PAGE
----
Significantly, the fictional newspaper article in this story flips the general feminine connection to death by poison, because this time it is a man who may have poisoned his wife:

Either some man did or didn’t murder his wife, and twenty thousand people have sat in court every day and two million words have been wired all over the world after each proceeding.

STORYWORLD OF “POISON”

France is synonymous with romantic stories, then as it is now. A villa in Southern France is the perfect setting for this guy to carry out his romantic fantasies.

Mansfield paints a setting but in words, and the words she uses put us in mind of Impressionist paintings. A good description of an Impressionist painting: It’s like you only got a glimpse of a scene. You are left with an overall ‘impression’, rather than fleshed out details.

There’s a lot of white, a lot of green. We’re seeing this image through tulle (net) curtains. We’re shown moonlight, shadows, lamps, twilight in the narrator’s imagination.

Apart from the flowers and birds (commonly used across Mansfield’s short stories), Mansfield chooses two details of the environment which come up more than once and are therefore probably motifs: the blue beetle and the pearl ring Beatrice wears on her third finger.

Pearls are found in oysters — hard to crack open. Pearls suggest containment and also working hard for rich reward. Over the course of “Poison” our narrator prizes Beatrice open a little. Ignoring subconscious misgivings, he continues to see her beauty shining from within.

The motif of the blue beetle is less clear to me. Mansfield may be talking about the Hoplia coerulea, found in humid environments, generally near a stream or a swamp, in Southern France and Northern Spain.

the blue beetle mentioned in Poison
Hoplia coerulea. Males are a more striking blue than females.

The narrator may be focusing on the beetle as a strategy to avoid dwelling on his deep fear that Beatrice is pretty far from perfect. A beetle can also look a bit like a pearl — especially certain iridescent beetles, especially when light hits them, say through net curtains on a sunshiny day. The beetle might almost be the grotesque symbolic equivalent of the pearl. The difference is that beetles crawl/fly away, whereas Beatrice’s pearl is stuck to her finger forever.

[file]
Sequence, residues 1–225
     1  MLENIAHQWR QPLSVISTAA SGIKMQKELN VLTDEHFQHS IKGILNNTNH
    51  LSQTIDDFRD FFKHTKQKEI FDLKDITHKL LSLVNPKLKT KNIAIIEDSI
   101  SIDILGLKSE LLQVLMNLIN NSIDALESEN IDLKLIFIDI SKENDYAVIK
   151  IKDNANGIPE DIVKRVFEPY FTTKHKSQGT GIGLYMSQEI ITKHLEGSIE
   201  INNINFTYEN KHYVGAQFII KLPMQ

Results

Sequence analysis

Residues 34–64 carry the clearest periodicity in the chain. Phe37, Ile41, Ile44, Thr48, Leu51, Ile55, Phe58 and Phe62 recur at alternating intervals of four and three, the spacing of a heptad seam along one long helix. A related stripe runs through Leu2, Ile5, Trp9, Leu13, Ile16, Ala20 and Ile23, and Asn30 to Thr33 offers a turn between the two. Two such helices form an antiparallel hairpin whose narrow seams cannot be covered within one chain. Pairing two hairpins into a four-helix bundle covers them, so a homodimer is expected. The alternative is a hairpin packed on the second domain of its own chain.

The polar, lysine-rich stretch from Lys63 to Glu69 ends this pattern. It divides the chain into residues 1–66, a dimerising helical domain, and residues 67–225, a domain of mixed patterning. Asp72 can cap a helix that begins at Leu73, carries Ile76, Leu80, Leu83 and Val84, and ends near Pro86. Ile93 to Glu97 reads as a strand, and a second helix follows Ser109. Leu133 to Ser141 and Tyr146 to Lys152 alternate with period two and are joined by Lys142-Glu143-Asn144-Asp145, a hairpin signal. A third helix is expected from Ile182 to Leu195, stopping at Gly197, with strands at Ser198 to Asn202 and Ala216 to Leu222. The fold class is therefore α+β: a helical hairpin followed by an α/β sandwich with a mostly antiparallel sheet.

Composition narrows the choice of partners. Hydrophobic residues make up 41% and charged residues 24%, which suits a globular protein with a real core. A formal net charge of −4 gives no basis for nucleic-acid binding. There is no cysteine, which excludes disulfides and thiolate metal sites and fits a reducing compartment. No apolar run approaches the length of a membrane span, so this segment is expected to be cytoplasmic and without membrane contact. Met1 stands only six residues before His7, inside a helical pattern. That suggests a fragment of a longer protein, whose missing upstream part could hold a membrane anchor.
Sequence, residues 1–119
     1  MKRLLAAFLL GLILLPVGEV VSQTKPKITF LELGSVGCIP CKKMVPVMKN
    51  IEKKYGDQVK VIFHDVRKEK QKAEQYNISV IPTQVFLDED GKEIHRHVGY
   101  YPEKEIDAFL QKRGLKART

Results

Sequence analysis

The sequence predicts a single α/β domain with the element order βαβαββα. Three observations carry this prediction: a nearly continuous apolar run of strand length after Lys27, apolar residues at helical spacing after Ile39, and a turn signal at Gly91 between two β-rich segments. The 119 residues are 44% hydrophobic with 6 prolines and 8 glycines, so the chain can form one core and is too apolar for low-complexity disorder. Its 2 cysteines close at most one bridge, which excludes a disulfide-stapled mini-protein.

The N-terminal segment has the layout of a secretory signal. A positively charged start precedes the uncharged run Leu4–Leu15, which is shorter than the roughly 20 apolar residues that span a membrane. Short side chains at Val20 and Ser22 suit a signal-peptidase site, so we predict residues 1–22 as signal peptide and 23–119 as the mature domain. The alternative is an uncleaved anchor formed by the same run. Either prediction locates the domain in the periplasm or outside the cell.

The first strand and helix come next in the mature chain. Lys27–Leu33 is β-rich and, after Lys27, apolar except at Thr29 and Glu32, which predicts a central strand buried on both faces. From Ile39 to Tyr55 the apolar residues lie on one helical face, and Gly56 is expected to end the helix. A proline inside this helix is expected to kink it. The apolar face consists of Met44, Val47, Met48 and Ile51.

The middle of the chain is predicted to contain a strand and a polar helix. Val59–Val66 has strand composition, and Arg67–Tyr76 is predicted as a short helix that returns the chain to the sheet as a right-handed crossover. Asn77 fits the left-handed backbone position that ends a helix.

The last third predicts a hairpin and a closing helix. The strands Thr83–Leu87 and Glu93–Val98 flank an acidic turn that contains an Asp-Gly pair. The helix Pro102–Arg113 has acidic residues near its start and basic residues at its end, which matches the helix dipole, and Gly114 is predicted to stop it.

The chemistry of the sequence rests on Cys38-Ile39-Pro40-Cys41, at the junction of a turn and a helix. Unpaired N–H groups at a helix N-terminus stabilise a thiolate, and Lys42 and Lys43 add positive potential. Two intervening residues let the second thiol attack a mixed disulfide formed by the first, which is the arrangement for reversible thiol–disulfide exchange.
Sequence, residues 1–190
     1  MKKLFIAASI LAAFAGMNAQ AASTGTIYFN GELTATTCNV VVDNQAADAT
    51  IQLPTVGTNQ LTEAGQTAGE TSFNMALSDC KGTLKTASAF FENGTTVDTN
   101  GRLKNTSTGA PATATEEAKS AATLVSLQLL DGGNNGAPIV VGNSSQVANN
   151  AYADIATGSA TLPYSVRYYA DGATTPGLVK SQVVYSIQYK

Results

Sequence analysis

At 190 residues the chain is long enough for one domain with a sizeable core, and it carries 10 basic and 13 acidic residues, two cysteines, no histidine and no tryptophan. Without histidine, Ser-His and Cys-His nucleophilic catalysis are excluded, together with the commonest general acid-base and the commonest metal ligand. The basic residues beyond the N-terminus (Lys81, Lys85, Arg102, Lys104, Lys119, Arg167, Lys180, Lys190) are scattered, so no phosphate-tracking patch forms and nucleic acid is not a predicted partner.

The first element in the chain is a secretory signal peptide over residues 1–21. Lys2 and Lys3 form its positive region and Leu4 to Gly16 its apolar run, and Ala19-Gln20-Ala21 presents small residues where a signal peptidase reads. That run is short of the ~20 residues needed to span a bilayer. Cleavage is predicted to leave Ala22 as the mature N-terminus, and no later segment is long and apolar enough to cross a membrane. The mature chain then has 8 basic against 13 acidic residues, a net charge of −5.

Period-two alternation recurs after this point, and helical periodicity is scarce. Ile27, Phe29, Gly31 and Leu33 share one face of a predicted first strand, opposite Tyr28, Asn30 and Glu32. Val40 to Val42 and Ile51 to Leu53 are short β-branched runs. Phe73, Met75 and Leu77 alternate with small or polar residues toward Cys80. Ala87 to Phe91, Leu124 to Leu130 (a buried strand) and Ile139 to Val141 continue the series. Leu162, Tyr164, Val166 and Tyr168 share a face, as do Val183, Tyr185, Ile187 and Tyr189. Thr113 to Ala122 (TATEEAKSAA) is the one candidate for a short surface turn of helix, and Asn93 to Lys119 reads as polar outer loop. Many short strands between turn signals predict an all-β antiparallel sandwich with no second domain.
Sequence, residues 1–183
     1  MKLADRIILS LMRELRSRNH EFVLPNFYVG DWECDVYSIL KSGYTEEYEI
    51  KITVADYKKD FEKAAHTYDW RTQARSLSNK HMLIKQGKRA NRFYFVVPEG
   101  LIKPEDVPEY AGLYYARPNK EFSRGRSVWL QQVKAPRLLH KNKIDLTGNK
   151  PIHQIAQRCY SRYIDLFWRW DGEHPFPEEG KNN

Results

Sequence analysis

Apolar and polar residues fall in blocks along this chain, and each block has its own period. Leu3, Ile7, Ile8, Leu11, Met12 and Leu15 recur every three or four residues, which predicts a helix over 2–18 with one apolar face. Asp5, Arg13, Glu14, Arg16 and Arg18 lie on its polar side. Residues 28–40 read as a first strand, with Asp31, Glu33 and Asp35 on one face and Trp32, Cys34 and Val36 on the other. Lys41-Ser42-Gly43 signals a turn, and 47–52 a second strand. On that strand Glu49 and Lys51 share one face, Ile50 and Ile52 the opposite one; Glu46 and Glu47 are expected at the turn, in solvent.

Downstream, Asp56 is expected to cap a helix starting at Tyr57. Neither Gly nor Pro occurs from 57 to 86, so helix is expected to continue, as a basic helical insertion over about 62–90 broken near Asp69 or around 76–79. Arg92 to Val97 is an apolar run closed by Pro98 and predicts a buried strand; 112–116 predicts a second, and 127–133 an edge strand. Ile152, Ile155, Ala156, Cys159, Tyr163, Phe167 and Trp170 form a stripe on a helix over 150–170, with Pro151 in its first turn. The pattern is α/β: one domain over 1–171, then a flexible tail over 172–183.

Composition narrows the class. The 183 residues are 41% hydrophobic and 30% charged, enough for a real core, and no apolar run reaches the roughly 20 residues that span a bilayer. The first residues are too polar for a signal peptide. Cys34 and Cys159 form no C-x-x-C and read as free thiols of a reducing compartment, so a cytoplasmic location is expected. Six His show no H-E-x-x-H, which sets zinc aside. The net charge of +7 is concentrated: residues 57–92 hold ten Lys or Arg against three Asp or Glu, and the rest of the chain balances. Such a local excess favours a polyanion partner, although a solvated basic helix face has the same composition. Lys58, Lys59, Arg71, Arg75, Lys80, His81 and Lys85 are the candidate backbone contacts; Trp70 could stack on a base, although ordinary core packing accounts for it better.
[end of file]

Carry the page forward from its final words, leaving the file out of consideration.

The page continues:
WHAT HAPPENS IN “POISON”?

With nothing else to do apart from walking around and eating snacks, two upper-class characters return to their hotel in the South of France after a walk and a bit of a shop. A servant called Annette brings them food. They wait around for the post. This is all from the point of view of an unnamed male narrator. His companion is Beatrice, a twice-before married woman who he is over-the-top smitten with.

The entire story is framed around an ironic ticking clock: the pair of them are waiting for something, actually nothing, to arrive (in the post).

“Who? The silly old postman? But you’re not expecting a letter.”

“No, but it’s maddening all the same…

I believe ‘waiting around for the post’ is a metaphor for the narrator ‘waiting around for something to happen in his life, more generally’. By the end of the story the reader is waiting for the penny to drop with him.

Otherwise, this storytelling decision perplexes me a little. Mansfield introduces what we might deem ‘false suspense’ with all that waiting around for post. Because when the post arrives, it’s not some amazing life-changing letter, but is simply the newspaper, which they surely get everyday and is therefore not a surprise. An article in the newspaper leads to a semi-revelation for our narrator, although in true literary Impressionist form, he doesn’t have any major breakthrough. It simply sets him thinking.